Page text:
This argument relies heavily on the assumption that “end-to-end theory” categorically prohibits the implementation of security-related functions in the core of the network. It is not entirely clear to me what Zittrain means by “end-to-end theory.” As I explain in chapter 9 of my book, Internet Architecture and Innovation (pp. 366-368), the broad version of the end-to-end arguments [2] (i.e., the design principle that was used to create the Internet’s original architecture) does not establish such a rule. The broad version of the end-to-end arguments provides guidelines for the allocation of individual functions between the lower layers (the core of the network) and the higher layers at the end hosts, not for security-related functions as a group.

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Future of the Internet Symposium: Generative End Hosts vs. Generative Networks?

Which factors have allowed the Internet to foster application innovation in the past, and how can we maintain the Internet’s ability to serve as an engine of innovation in the future? These questions are central to current engineering and policy debates over the future of the Internet. They are the subject of Jonathan Zittrain’s The Future of the Internet and how to stop it and of my book Internet Architecture and Innovation which was published by MIT Press last month.

As I show in Internet Architecture and Innovation, the Internet’s original architecture had two components that jointly created an economic environment that fostered application innovation:

1. A network that was able to support a wide variety of current and future applications (in particular, a network that did not need to be changed to allow a new application to run) and that did not allow network providers to discriminate among applications or classes of applications. As I show in the book, using the broad version of the end-to-end arguments (i.e., the design principle that was used to create the Internet’s original architecture) [1] to design the architecture of a network creates a network with these characteristics.

2. A sufficient number of general-purpose end hosts [2] that allowed their users to install and run any application they like.

Both are essential components of the architecture that has allowed the Internet to be what Zittrain calls “generative” – “to produce unanticipated change through unfiltered contributions from broad and varied audiences.”

In The Future of the Internet and how to stop it, Zittrain puts the spotlight on the second component: general-purpose end hosts that allow users to install and run any application they like and their importance for the generativity of the overall system.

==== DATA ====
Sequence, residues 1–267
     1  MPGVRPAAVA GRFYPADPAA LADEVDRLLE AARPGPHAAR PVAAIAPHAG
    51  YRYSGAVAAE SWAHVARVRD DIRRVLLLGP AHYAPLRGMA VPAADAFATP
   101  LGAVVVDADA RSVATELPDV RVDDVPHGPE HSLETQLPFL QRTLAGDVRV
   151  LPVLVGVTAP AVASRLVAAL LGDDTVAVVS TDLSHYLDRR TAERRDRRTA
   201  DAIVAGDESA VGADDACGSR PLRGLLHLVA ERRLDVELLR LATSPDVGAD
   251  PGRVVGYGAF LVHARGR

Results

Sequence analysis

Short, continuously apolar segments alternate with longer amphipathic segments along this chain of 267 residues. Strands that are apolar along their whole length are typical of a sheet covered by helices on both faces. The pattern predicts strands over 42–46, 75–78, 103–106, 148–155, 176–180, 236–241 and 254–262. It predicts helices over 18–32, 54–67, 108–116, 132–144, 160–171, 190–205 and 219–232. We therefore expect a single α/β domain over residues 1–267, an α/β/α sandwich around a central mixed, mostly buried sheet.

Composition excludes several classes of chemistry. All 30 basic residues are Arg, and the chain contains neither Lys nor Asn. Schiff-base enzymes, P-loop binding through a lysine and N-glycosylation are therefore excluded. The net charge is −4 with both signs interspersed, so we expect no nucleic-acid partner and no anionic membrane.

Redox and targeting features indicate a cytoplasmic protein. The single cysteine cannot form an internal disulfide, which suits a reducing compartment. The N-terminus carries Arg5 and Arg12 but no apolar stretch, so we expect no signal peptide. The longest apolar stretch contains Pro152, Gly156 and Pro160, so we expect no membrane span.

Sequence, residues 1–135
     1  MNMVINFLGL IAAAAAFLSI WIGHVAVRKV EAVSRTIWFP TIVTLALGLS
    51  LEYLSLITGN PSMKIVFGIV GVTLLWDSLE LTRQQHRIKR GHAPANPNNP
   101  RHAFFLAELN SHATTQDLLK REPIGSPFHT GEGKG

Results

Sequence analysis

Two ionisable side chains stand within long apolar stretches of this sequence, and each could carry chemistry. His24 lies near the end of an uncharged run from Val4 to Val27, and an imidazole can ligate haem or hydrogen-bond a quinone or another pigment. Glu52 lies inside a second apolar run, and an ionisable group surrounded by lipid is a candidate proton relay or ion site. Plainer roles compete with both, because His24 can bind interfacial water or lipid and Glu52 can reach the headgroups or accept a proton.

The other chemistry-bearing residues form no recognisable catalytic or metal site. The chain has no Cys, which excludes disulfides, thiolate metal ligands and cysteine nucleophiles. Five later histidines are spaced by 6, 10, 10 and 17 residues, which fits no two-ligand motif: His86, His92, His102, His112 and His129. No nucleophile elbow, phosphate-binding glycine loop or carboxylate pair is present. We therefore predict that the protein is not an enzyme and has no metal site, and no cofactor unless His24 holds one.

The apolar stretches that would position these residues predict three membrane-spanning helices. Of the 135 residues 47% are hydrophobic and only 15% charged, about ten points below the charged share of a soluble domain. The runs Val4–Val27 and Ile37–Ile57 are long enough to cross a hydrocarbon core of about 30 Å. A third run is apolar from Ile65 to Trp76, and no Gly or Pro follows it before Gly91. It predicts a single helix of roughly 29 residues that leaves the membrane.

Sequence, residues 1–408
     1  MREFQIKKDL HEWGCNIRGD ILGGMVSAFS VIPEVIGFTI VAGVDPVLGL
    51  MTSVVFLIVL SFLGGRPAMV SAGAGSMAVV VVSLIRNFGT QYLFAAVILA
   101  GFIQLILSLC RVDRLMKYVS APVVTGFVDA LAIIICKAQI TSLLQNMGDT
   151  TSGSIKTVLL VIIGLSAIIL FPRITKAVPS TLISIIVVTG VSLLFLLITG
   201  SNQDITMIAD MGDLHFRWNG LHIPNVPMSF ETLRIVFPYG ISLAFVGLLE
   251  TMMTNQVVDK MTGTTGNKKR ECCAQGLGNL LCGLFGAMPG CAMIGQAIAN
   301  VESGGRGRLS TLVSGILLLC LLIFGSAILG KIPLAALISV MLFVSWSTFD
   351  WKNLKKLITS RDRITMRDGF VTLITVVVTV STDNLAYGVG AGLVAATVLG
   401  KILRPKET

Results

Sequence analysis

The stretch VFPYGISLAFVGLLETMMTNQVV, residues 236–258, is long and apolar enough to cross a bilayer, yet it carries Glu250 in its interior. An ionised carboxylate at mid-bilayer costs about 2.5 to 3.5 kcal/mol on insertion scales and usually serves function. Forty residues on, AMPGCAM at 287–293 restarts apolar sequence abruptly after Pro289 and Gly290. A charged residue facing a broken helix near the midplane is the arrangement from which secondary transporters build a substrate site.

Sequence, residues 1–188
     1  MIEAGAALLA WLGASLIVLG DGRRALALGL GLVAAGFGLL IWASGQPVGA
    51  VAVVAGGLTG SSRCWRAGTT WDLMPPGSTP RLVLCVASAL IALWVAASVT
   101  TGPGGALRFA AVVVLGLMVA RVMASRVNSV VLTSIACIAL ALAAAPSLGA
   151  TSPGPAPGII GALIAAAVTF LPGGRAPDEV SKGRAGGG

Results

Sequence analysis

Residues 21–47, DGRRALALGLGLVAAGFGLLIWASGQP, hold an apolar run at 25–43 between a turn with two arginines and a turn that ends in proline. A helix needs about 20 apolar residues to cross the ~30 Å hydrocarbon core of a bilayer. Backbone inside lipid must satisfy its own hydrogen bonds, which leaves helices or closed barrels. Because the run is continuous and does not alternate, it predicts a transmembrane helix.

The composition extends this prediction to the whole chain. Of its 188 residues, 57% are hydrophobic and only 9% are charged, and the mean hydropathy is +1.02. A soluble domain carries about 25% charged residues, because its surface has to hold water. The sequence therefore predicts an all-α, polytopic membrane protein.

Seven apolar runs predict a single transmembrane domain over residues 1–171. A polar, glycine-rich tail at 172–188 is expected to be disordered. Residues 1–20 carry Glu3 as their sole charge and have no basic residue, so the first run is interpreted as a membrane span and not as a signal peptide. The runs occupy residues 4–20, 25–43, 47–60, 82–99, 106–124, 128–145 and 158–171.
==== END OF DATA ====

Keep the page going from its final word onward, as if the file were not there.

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Future of the Internet Symposium: Does anyone care about the ‘rule of law’?

I would like to suggest another angle to consider in this dissection of JZ’s wonderful generative book:  Do we still care about the ‘rule of law’?

The theory of generativity relies on self-governance through an open market approach and embodies an abhorrence of “governability” by states.  This I find troubling.  Why is governability by states so abhorrent?   If we believe in the ‘rule of law,’ governability by states cannot be anathema.   States through their political and legal processes express public values through law. Generativity does not have a mechanism for all of society’s stakeholders to participate in decision-making about the values embedded in technological decisions.   Privacy and security are good examples.    Transparency may be the choice of some online participants with respect to their personal information, but that choice has important third party implications (e.g. the consensual disclosure of a person’s DNA also reveals information about that person’s non-consenting relative).   The political and judicial process arbitrate third party rights and society’s reasonable expectations of privacy, by contrast the technological development and deployment/adoption process impose determinations.  With respect to security, JZ recognizes that generativity is self-destructive and looks to individual liability as the solution.  Yet, individuals will typically lack sufficient technical knowledge to engage in self-help.   This is the classic situation where citizens look to the state to protect the public’s welfare.

Lon Fuller, in his work The Morality of Law, argued that “laws must exist and those laws should be obeyed by all, including government officials.”   The future of the internet should not grant an immunity card from accountability with respect to public values.   Rejecting governability by states is more precisely a rejection of the rule of law.   In this vein, the tethering of appliance may a natural maturity of the internet toward acceptance and re-enforcement of the ‘rule of law.’